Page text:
|Photographs by Peter DaSilva and |
Byron Smith, for The New York Times
An excerpt from the article related to parenting and children:
We think constant connection will make us feel less lonely. The opposite is true. If we are unable to be alone, we are far more likely to be lonely. If we don’t teach our children to be alone, they will know only how to be lonely.
I am a partisan for conversation. To make room for it, I see some first, deliberate steps. At home, we can create sacred spaces: the kitchen, the dining room. We can make our cars “device-free zones.” We can demonstrate the value of conversation to our children.My home certainly doesn't have "device-free zones." I blog about this article from my laptop in the dining room. My kids are on the couch in the living room watching TV. My husband is next to them, doing work on his laptop. We are physically near each other, but not connected. Of course, this is not the norm. Or is it? I'm not sure.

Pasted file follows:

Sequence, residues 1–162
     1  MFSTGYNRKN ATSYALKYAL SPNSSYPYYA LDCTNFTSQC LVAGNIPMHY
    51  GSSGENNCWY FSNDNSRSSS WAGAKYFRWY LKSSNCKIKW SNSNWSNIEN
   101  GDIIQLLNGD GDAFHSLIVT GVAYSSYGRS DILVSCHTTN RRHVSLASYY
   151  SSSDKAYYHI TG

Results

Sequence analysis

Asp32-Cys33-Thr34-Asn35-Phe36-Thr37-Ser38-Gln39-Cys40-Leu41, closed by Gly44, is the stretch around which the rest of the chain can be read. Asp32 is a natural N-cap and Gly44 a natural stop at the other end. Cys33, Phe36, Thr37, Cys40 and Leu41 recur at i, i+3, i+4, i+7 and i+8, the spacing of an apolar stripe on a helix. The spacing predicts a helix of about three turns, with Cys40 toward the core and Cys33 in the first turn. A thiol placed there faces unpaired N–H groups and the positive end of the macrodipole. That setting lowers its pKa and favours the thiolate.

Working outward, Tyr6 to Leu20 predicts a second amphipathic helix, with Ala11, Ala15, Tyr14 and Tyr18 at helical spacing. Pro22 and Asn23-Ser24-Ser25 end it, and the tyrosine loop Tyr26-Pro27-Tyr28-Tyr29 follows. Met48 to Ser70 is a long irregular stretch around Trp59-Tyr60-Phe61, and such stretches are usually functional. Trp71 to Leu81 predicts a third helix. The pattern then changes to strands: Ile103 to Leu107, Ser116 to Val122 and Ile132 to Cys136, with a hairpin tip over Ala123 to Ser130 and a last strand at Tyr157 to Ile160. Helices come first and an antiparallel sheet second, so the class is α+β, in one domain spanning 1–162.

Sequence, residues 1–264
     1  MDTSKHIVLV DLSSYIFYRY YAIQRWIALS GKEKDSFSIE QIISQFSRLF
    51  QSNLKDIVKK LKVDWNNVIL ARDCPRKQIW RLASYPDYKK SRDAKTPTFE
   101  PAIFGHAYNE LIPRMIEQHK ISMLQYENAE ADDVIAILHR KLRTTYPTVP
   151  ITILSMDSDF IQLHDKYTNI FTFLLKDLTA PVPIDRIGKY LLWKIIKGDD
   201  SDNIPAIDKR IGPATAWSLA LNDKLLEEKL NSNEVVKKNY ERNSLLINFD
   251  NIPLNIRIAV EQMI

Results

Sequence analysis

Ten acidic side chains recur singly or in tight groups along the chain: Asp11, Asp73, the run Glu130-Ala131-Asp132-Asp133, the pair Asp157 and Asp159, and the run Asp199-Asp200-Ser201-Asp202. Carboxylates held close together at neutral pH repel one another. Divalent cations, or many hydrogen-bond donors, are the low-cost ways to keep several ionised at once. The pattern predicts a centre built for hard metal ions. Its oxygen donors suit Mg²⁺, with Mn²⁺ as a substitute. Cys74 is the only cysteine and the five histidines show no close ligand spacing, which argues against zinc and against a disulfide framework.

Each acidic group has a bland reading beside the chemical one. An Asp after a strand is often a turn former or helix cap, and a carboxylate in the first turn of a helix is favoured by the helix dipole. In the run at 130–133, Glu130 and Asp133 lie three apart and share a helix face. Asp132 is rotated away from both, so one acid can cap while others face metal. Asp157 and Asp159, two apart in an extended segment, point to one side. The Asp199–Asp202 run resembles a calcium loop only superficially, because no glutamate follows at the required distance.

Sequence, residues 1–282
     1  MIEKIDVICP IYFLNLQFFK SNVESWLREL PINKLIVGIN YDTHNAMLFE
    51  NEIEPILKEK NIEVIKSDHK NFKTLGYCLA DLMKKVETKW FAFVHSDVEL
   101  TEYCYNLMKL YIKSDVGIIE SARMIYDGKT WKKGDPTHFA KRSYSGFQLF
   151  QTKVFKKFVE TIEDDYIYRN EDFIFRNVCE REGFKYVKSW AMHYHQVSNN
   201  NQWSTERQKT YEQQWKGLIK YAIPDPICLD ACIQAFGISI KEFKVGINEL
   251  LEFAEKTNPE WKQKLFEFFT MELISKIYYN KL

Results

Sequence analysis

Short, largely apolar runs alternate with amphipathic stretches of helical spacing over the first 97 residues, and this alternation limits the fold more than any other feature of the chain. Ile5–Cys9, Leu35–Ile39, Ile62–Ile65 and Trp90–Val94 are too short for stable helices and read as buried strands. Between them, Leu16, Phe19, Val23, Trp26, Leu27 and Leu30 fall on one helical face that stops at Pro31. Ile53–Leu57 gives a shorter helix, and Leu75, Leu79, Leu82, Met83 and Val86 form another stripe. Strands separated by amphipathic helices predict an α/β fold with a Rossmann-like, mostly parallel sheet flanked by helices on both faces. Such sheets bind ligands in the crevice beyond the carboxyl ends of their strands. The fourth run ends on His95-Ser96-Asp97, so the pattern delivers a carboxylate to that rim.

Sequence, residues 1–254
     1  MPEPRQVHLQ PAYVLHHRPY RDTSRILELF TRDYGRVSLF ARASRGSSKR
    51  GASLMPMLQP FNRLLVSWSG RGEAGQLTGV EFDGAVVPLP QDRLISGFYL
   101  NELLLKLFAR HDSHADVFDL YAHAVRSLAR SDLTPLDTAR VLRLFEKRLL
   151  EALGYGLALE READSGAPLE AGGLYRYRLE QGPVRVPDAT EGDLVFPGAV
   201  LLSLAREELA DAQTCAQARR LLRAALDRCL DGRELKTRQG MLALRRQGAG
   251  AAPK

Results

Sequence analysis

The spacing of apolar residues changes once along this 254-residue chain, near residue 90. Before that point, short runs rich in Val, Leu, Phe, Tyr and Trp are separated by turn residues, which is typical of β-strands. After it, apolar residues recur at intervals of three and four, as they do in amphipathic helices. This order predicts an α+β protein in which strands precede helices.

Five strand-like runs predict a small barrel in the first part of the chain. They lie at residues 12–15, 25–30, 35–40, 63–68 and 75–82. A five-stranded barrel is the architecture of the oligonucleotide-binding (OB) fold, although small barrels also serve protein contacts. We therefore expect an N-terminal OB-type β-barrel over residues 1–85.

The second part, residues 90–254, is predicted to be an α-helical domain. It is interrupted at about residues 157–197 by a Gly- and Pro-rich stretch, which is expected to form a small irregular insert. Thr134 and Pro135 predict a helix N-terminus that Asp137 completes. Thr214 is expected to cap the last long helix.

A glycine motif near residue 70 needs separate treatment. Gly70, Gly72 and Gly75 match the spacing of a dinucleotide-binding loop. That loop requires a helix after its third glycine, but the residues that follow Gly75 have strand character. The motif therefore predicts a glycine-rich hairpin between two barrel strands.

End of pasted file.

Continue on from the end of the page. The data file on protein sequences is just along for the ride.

This article gets to the heart of my concerns about our digital lives affecting the well-being of our marriages, families, or other relationships. A summary on my part wouldn't do it justice. The piece should be read in full. And reread. We should all contemplate how we want to purposefully model and manage our digital lives for the sake of our own selves and for our children.